Almost immediately, Union veterans began protesting. Particularly galling was the fact that the monument sat directly in front of the U.S. Grant Hotel, which had been built by the war hero’s son. The veterans succeeded in having the Davis Highway monument hauled off in 1926, less than a year after it was installed.

But the Confederacy would rise again in San Diego. Roughly three decades later, amid a national controversy over school desegregation, the United Daughters of the Confederacy reinstalled a marker to the Davis Highway. Once again, it stood across from the U.S. Grant Hotel, as if to taunt the old Union commander.

It was one of five highway markers to the rebel president in California.

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Shortly thereafter, San Diego named one of its schools for Confederate Gen. Robert E. Lee — the second of its kind within the state. (The first was in Long Beach). By hanging the name of a slaveholder on an educational institution, San Diego rose a not-so-subtle protest to the ongoing process of school integration.

By the early 21st century, California boasted at least 18 Confederate monuments and place names. In addition to his highway markers, Davis also had a peak near Lake Tahoe named in his honor. And along with his two schools, Lee also had four redwood trees named after him. Additionally, California housed the township of Confederate Corners in Monterey County; a scenic network of hills named for the Confederate warship Alabama; a plaque to Robert S. Garnett, the first rebel general killed in the Civil War; and three large stone memorials to the common Confederate soldier in Hollywood, San Diego and Orange County.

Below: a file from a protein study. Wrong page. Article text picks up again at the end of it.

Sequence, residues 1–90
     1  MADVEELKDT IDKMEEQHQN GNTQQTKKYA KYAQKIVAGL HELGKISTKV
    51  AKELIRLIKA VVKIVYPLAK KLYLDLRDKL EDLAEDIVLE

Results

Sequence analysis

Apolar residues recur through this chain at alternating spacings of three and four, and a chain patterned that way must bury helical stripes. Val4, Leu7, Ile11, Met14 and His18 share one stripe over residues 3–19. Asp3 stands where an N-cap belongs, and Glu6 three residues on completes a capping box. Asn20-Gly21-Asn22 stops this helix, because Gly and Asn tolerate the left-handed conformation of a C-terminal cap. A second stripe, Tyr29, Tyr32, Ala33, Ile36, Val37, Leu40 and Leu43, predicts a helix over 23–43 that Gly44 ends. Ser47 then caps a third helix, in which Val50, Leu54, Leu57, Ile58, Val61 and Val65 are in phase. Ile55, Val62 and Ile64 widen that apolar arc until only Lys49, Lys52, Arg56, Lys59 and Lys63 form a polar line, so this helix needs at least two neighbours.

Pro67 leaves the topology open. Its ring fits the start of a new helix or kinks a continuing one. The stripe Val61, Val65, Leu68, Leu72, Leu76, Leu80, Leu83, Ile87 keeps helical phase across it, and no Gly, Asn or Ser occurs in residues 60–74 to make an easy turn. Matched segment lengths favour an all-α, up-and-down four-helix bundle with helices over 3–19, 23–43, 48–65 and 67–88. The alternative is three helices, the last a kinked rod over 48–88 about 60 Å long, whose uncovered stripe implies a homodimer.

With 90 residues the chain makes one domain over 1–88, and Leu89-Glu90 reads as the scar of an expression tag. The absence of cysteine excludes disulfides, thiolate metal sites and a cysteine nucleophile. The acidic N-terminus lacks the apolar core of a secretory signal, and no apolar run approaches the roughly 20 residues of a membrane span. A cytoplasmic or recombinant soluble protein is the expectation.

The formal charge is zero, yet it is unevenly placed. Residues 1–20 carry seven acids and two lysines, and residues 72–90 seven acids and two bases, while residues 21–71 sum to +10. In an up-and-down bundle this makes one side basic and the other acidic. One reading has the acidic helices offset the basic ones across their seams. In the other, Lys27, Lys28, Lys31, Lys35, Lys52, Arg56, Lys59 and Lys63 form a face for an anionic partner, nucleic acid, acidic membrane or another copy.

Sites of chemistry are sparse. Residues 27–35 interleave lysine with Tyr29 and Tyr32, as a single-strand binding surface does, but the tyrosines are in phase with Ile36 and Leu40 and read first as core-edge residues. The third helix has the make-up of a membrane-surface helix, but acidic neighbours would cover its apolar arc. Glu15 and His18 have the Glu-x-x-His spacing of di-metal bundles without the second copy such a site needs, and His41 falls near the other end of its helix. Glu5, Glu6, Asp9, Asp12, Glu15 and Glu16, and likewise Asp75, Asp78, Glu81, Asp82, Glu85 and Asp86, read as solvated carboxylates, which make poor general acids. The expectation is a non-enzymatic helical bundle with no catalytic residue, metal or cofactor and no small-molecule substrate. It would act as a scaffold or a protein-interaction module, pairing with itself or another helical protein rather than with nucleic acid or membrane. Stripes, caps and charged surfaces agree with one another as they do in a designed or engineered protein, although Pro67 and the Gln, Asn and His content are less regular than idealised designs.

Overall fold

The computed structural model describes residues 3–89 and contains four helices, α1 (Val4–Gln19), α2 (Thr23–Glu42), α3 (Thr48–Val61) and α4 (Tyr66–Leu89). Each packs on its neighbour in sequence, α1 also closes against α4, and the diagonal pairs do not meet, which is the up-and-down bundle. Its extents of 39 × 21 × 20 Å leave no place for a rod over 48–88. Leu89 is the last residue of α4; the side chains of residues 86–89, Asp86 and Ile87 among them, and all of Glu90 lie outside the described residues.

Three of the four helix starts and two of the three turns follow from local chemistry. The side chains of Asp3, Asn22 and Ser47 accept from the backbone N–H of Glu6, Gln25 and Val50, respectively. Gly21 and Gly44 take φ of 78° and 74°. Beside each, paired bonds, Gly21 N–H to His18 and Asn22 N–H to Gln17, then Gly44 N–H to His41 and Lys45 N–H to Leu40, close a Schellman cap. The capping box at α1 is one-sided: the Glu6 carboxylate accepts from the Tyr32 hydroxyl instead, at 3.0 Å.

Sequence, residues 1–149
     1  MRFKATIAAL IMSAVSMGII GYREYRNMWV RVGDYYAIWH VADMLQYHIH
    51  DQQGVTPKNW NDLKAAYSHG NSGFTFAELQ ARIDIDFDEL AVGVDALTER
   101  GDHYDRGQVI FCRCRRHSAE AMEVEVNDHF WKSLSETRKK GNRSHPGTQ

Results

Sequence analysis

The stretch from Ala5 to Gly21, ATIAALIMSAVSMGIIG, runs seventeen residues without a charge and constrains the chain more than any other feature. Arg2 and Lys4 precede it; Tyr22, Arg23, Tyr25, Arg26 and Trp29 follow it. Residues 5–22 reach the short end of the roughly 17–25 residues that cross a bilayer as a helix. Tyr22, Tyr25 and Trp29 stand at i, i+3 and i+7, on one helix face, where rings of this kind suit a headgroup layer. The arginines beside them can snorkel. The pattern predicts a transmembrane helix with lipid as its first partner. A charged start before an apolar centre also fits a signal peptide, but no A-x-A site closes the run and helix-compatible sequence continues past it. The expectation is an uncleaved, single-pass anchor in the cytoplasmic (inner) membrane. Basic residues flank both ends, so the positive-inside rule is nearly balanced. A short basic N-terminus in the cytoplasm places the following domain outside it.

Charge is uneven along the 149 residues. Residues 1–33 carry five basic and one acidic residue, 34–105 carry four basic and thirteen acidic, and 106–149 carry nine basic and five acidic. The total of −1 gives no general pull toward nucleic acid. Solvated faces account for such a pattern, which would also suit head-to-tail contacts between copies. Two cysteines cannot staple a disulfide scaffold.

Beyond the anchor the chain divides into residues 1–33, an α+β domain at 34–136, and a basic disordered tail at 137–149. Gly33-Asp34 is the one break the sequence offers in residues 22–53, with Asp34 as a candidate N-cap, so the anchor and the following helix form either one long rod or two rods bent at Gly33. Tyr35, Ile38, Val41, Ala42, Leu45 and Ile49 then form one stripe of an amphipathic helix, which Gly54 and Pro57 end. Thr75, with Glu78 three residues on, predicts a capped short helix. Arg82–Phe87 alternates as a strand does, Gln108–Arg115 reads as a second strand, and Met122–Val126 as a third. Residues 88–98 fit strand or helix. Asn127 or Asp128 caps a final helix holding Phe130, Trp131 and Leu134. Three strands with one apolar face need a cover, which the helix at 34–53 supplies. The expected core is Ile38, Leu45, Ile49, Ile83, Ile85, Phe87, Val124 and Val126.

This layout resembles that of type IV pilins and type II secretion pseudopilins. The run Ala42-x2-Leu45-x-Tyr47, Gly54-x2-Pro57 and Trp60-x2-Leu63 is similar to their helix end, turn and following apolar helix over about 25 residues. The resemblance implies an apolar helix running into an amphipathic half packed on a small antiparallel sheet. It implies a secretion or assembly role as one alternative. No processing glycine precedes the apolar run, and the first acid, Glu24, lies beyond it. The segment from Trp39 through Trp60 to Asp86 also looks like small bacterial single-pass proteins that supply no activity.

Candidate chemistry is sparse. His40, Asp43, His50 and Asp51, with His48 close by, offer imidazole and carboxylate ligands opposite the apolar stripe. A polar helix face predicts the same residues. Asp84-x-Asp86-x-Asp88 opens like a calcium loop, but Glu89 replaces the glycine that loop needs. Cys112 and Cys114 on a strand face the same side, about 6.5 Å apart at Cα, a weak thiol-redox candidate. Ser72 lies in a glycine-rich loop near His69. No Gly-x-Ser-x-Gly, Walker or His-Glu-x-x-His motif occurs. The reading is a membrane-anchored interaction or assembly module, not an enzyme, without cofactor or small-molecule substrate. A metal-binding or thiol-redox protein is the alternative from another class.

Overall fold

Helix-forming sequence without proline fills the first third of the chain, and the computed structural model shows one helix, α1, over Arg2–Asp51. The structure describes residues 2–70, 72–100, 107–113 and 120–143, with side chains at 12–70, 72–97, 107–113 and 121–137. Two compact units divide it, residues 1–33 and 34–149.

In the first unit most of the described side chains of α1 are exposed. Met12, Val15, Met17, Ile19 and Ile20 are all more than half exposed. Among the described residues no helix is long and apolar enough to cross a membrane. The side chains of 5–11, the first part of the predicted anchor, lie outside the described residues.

The driving force behind California’s rebel landscape, the United Daughters of the Confederacy, had 18 chapters in the state as recently as 1999. For comparison, Ohio and New York — the free states where, after California, the organization was most active — had only three chapters each.

These monuments would, most likely, still be standing if not for a series of violent acts that finally focused public outrage on Confederate commemorations.

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Three major flash points inspired an ongoing reckoning with the American past — the murder of nine worshippers at one of the nation’s oldest African American churches in 2015; the white supremacist rally around a statue to Robert E. Lee in Charlottesville, Va., two years later; and the killing of George Floyd in May.

As a result, in California there are no longer any schools named after Robert E. Lee, or peaks after Jefferson Davis, or memorials to Confederate soldiers. Most of the Davis Highway markers are gone as well. Although Lee’s trees still technically bear the rebel general’s name — changing their designation requires approval from Congress or the director of the National Parks Service — identifying signage has been removed.

After nearly a century of debate, California has nearly been purged of its Confederate tributes.

Yet perhaps the most surprising aspect of this history is not that these monuments finally fell during our long, hot summer of protest. It’s that they survived for as long as they did.

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Kevin Waite is an assistant professor of history at Durham University in Britain and author of the forthcoming book “West of Slavery: The Southern Dream of a Transcontinental Empire.”